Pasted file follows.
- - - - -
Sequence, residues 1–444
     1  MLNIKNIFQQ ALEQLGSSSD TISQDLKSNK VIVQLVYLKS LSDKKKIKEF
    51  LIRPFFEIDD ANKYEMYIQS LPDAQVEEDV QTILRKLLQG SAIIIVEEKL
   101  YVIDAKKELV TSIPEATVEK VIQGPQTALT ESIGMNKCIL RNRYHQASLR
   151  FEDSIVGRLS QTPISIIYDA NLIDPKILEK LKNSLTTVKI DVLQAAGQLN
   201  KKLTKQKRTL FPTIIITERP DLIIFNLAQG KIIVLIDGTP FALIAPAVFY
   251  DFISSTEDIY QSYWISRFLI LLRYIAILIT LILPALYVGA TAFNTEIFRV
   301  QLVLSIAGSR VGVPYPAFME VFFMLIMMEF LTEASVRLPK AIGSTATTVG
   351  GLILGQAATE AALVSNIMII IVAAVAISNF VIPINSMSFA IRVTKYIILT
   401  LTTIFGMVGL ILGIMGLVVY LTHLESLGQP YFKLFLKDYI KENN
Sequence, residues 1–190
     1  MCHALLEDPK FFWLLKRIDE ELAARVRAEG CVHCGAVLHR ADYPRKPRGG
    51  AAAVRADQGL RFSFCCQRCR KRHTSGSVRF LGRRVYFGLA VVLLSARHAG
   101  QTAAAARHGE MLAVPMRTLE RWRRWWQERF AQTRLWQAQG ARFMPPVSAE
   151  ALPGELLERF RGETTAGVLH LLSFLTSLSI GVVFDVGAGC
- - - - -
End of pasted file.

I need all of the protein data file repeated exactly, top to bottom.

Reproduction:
Sequence, residues 1–444
     1  MLNIKNIFQQ ALEQLGSSSD TISQDLKSNK VIVQLVYLKS LSDKKKIKEF
    51  LIRPFFEIDD ANKYEMYIQS LPDAQVEEDV QTILRKLLQG SAIIIVEEKL
   101  YVIDAKKELV TSIPEATVEK VIQGPQTALT ESIGMNKCIL RNRYHQASLR
   151  FEDSIVGRLS QTPISIIYDA NLIDPKILEK LKNSLTTVKI DVLQAAGQLN
   201  KKLTKQKRTL FPTIIITERP DLIIFNLAQG KIIVLIDGTP FALIAPAVFY
   251  DFISSTEDIY QSYWISRFLI LLRYIAILIT LILPALYVGA TAFNTEIFRV
   301  QLVLSIAGSR VGVPYPAFME VFFMLIMMEF LTEASVRLPK AIGSTATTVG
   351  GLILGQAATE AALVSNIMII IVAAVAISNF VIPINSMSFA IRVTKYIILT
   401  LTTIFGMVGL ILGIMGLVVY LTHLESLGQP YFKLFLKDYI KENN
Sequence, residues 1–190
     1  MCHALLEDPK FFWLLKRIDE ELAARVRAEG CVHCGAVLHR ADYPRKPRGG
    51  AAAVRADQGL RFSFCCQRCR KRHTSGSVRF LGRRVYFGLA VVLLSARHAG
   101  QTAAAARHGE MLAVPMRTLE RWRRWWQERF AQTRLWQAQG ARFMPPVSAE
   151  ALPGELLERF RGETTAGVLH LLSFLTSLSI GVVFDVGAGC